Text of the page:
A diesel engine that has been modified to burn hydrogen fuel is undergoing tests in a truck carrying cargo to and from a major Japanese airport, and travelling around tourist hotspots such as Tokyo Disneyland.

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The internal combustion engine (ICE) on the small commercial truck has been modified by Japanese firm iLabo as part of an on-going trial of modified diesel-to-hydrogen engines, supported by the country’s government.

This latest three-month trial has increased the cargo load on the truck and introduced it to Tokyo roads, where it will be refuelled at some of the city’s 23 H2 filling stations — most of which dispense either grey hydrogen made with unabated fossil gas, or by-product H2 from the production of chlorine and caustic soda (chlor-alkali process).

“We have made modifications such as adding spark plugs, changing piston shapes, and replacing components of the fuel gauge,” iLabo chief executive Ohta Nobuhiro tells Hydrogen Insight.

The piston shape has been changed to suit the characteristics of hydrogen as it burns.

The three-month trial will see the small commercial truck travel the 50km route between Haneda airport and a hotel in Chiba, in order to evaluate engine performance.

“We chose the route between Haneda Airport and hotels around Tokyo Disneyland [which are on the route to Chiba] for testing because it encompasses main roads, local streets, and highways, covering all the types of roads used in commercial vehicle operations,” said Nobuhiro. “We believe this route was optimal for investigating fuel efficiency and performance.”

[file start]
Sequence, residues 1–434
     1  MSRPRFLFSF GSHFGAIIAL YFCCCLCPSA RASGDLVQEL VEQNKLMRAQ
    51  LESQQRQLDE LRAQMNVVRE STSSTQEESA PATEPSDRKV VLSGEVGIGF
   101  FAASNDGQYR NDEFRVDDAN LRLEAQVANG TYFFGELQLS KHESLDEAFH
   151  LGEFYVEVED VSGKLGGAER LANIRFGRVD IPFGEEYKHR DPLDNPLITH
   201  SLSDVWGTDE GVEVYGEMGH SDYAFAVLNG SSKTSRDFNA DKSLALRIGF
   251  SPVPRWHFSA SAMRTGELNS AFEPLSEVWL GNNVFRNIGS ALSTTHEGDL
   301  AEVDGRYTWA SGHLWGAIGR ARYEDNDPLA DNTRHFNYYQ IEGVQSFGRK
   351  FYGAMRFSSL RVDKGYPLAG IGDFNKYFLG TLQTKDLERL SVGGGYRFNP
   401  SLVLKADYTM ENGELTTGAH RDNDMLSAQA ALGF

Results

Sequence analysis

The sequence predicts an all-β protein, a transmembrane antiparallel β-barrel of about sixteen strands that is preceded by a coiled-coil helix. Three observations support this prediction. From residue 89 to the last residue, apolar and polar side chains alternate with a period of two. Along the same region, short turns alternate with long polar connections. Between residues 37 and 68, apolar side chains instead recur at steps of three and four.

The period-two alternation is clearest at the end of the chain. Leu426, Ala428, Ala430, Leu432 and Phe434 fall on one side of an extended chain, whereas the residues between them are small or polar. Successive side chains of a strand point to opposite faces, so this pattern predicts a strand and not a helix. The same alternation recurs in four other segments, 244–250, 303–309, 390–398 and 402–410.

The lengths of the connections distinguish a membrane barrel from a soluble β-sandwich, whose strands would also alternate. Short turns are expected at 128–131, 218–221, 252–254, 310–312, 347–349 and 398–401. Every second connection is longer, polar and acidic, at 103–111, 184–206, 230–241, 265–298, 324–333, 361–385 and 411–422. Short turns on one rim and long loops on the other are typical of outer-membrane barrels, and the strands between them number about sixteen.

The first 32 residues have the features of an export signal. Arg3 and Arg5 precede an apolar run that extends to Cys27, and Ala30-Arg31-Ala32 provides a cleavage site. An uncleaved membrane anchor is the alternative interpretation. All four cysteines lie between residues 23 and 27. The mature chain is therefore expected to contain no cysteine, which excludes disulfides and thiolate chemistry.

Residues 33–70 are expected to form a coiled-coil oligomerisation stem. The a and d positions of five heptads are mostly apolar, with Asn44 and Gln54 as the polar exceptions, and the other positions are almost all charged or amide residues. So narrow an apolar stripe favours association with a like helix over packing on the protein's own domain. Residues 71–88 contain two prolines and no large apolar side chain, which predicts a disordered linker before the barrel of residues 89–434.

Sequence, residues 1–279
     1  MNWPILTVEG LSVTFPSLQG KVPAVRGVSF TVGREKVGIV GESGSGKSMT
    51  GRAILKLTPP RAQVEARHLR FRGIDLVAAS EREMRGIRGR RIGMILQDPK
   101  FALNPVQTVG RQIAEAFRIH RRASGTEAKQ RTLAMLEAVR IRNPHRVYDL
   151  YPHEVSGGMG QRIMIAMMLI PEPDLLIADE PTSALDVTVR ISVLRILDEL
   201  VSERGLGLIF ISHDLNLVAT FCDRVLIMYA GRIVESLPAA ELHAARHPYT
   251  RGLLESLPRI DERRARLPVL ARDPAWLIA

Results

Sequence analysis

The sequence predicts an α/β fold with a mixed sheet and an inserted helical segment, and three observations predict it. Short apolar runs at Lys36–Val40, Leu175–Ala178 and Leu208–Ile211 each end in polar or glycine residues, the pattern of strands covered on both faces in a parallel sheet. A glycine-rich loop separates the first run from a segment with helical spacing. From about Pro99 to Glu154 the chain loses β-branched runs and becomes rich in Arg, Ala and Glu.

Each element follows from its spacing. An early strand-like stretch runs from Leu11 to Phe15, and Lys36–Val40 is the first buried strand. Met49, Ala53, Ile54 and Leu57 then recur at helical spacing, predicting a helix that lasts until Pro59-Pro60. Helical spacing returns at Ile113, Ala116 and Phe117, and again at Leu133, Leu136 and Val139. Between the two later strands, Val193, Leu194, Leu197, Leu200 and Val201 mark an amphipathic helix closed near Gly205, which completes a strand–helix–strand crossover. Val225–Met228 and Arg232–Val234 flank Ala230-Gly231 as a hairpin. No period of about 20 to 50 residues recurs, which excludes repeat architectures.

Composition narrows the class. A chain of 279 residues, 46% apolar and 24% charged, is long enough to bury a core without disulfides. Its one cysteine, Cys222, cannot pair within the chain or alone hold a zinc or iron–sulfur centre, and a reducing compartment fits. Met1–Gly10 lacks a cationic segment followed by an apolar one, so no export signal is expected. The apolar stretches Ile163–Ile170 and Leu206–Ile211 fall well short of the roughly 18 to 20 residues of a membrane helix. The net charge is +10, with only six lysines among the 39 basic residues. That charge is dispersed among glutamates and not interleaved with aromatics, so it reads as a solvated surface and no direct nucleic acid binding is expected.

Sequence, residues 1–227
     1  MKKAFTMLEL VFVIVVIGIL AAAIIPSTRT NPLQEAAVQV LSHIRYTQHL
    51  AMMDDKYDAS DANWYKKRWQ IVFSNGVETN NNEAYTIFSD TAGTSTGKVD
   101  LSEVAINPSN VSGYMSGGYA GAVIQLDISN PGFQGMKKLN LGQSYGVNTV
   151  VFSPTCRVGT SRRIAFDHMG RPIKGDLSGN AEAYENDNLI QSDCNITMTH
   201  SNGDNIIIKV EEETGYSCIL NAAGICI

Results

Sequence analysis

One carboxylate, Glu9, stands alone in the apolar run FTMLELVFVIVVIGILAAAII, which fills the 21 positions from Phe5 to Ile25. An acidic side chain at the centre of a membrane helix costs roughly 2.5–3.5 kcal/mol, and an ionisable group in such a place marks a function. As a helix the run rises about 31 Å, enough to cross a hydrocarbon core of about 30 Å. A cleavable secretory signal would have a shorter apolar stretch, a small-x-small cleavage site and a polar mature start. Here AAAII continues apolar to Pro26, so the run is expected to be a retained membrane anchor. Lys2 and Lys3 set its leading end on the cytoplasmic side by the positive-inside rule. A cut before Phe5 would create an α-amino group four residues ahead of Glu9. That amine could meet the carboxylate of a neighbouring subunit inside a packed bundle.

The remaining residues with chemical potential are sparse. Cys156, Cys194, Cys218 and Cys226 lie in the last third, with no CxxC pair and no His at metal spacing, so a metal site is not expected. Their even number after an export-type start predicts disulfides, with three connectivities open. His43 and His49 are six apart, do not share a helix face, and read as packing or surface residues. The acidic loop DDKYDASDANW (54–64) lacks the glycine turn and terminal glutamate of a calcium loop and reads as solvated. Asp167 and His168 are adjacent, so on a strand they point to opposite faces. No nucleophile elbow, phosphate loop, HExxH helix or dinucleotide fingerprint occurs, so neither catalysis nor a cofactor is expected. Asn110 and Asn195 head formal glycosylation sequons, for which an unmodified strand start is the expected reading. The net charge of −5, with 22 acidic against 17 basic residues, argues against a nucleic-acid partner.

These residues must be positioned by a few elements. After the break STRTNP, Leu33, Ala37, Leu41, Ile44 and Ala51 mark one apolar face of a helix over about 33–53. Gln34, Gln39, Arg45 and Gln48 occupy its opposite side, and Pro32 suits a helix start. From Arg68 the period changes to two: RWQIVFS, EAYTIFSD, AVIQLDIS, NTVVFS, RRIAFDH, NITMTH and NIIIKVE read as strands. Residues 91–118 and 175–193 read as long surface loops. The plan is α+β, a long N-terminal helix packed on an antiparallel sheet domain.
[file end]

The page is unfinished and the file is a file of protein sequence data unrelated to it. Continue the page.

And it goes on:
iLabo claims that the engine’s fuel efficiency almost the same as that of the diesel equivalent.

According to consultancy McKinsey, hydrogen ICE vehicles operate at around 50% tank-to-wheel efficiencies, higher than diesel (which has efficiencies of below 40%) at any load, and even out-performing hydrogen fuel cells once the powertrain is operating at more than 50% of maximum output.

Hydrogen ICE vehicles also have other advantages comparies to fuel cell-based powertrains, iLabo believes, as they are resistant to dust and salt.

However, at all powertrain outputs, hydrogen ICE engines fall behind battery-electric equivalents, which operate at tank-to-wheel efficiencies of over 90%, according to McKinsey’s analysis.

Nevertheless road freight operators, especially those operating heavy trucks, are reportedly keen to minimise the capex outlay of converting to battery-electric or fuel cells right away, and so are considering H2 ICE vehicles as a stop-gap solution.

Interest in the technology has prompted Cummins and Tata to pledge investments of $425m to build a new hydrogen engine factory in India.